From mother to daughter, two generations of a Manila-based family sought work in Hong Kong for better wages to support siblings despite years of separation.
Every Sunday after working 12 hours a day, six days a week, thousands of domestic helpers flock to Hong Kong's city centre on their only day off in the week.
For 34-year-old Sheila Bonifacio it's no different, she heads to Central where she meets her friends to take her mind off the daily grind.
A university graduate with a degree in education, Bonifacio spent three years as a teacher in her home town of Manila. But her monthly salary of 15,000 pesos ($298.20) was not enough to support her and her family, so she decided to follow her mother's footsteps of becoming a domestic helper in the cosmopolitan city Hong Kong.
The plight of economic migrants will be among the many issues that will be discussed in next week's World Economic Forum in Davos, Switzerland.
"In our family it's so sad, you know, because it's like a repetition of what happened, from my mom to me to my brother to my sisters, we are an example of a family that's a victim of this forced migration," Bonifacio says.
Bonifacio, like her mother before her, gave up a life surrounded by friends and family, hopped on a plane and arrived in the former British colony in June 2007.
She says she felt scared and lonely, and it didn't help having strict employers who she says verbally abused her on a daily basis.
Her mother, 56-year-old Milagrosena Tebia, who now lives in Manila with three of her children, two grandchildren and her own mother, came back to the Philippines in 2007 after having worked as a domestic helper in Hong Kong for eight years.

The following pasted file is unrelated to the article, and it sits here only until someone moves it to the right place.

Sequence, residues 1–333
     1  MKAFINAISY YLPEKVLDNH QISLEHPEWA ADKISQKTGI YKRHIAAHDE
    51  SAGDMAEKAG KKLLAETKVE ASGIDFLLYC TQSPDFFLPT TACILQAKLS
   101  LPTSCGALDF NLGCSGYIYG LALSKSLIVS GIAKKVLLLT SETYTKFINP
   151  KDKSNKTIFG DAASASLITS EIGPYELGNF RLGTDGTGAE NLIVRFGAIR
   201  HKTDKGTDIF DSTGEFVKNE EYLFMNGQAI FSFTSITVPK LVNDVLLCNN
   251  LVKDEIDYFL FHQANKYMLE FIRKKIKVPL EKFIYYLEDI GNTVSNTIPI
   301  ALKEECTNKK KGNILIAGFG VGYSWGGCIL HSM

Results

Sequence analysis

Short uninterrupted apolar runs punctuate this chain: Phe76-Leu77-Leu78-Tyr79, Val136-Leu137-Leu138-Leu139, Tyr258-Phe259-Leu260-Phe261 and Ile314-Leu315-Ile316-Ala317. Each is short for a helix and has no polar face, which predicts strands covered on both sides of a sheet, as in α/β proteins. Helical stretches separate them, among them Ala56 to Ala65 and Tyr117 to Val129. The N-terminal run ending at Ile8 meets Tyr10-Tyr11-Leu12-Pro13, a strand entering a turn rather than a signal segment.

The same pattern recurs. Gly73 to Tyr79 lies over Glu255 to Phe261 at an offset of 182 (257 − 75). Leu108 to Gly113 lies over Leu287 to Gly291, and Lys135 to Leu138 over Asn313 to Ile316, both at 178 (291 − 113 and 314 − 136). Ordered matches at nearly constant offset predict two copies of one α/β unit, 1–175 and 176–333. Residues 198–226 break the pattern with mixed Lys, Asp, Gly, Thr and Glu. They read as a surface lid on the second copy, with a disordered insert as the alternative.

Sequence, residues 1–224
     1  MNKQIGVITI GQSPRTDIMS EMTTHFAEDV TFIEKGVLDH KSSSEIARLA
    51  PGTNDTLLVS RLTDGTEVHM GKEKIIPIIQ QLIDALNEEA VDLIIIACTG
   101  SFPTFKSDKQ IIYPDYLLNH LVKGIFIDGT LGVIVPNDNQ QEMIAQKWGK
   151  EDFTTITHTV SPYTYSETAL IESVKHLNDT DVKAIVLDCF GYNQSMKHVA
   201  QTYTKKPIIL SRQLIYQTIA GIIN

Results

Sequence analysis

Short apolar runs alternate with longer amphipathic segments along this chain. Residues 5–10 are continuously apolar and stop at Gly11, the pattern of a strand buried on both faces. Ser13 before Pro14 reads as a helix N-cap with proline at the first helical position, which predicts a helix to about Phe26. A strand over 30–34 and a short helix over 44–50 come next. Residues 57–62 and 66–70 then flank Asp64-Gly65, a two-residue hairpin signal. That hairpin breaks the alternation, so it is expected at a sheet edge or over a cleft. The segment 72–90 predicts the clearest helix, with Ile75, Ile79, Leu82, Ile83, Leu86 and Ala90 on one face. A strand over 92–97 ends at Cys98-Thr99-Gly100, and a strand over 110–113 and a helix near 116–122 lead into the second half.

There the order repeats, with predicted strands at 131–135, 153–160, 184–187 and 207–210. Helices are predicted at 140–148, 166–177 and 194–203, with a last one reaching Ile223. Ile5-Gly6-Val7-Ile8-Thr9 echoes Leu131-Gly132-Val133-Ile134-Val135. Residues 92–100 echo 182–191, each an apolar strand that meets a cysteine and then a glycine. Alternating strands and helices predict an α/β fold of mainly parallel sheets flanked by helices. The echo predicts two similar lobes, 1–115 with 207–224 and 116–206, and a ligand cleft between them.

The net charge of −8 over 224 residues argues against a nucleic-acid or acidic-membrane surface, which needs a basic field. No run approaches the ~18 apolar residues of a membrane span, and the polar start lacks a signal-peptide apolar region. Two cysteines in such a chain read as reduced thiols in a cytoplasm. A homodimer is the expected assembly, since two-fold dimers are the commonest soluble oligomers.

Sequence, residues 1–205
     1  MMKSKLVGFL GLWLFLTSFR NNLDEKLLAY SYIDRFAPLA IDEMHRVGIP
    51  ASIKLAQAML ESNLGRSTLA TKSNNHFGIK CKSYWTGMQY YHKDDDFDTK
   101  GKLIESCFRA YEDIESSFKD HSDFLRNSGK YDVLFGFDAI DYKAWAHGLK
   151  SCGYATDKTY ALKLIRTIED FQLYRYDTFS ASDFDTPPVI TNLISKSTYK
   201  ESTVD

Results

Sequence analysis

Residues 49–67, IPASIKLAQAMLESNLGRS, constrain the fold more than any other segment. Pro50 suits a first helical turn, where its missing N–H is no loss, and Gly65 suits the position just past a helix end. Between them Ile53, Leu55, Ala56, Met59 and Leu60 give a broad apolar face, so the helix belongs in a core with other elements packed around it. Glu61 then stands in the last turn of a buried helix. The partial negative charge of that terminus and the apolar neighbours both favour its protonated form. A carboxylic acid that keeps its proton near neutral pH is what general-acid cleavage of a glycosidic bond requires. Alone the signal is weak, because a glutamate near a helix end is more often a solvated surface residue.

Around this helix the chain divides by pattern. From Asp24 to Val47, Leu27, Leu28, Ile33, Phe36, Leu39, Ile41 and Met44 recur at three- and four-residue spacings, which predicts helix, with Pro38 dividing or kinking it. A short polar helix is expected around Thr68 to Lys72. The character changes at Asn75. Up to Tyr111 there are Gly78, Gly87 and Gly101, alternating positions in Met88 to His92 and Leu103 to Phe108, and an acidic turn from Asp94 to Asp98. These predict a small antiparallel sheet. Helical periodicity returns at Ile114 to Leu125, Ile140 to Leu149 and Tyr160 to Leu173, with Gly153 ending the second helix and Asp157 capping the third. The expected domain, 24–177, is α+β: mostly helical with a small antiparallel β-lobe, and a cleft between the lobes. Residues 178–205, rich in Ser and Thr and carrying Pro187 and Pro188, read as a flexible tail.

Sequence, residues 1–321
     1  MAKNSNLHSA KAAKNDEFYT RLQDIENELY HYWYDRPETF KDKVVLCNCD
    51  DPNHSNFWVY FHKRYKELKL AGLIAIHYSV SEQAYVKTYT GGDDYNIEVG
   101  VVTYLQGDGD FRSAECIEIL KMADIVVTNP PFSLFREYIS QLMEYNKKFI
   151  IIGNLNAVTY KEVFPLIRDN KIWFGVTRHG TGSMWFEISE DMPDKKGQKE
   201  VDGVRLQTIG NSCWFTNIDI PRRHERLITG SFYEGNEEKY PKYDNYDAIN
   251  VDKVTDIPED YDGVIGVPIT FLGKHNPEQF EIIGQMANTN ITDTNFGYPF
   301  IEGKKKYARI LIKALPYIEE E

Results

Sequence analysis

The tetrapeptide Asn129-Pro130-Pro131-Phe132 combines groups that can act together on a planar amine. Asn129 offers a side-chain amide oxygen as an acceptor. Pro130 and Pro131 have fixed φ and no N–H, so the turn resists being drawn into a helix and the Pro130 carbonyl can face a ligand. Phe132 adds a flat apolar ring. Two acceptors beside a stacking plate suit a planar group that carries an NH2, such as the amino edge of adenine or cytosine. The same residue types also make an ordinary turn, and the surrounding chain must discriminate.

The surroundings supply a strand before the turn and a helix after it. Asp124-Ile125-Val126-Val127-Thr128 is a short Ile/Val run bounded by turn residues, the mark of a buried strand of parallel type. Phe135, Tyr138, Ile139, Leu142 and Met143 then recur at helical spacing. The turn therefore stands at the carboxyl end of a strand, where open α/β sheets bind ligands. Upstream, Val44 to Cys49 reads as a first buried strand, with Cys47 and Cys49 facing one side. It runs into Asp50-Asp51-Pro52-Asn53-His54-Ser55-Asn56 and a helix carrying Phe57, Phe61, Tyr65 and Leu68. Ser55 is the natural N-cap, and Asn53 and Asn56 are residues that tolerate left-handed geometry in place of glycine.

At first Tebia objected to Bonifacio finding work in Hong Kong citing her bad experience with her first employer. But with bills piling up due to her now deceased husband's deteriorating health and the lack of well paid job opportunities, she finally agreed for her daughter to leave the family home.
"I'm very proud of my daughter, but, of course, I feel sad because we can't be with her. With the situation of our country, where even if you graduated from something you still can't get a job with a liveable pay, I am still proud of my daughter. There is forced immigration here. We are forced to leave our country to find better opportunities.," she says.
Due to the separation Bonifacio says she did not have a good relationship with her mother growing, but in the Philippines, she adds, it is common for people to seek work overseas to avoid poverty and hunger.
After working for six different employers, Bonifacio now earns around HK$5,000 ($639), twice her salary as a professional teacher, and is able to financially support her siblings through school - something her mother did for her.
While the Philippines economy is growing, the country is still riddled with poverty and inequality, forcing around 2.2 million Fillipinos to work overseas, according to a 2016 government survey.
Philippine President Rodrigo Duterte promised to bring back the country's migrant workers by generating domestic job opportunities.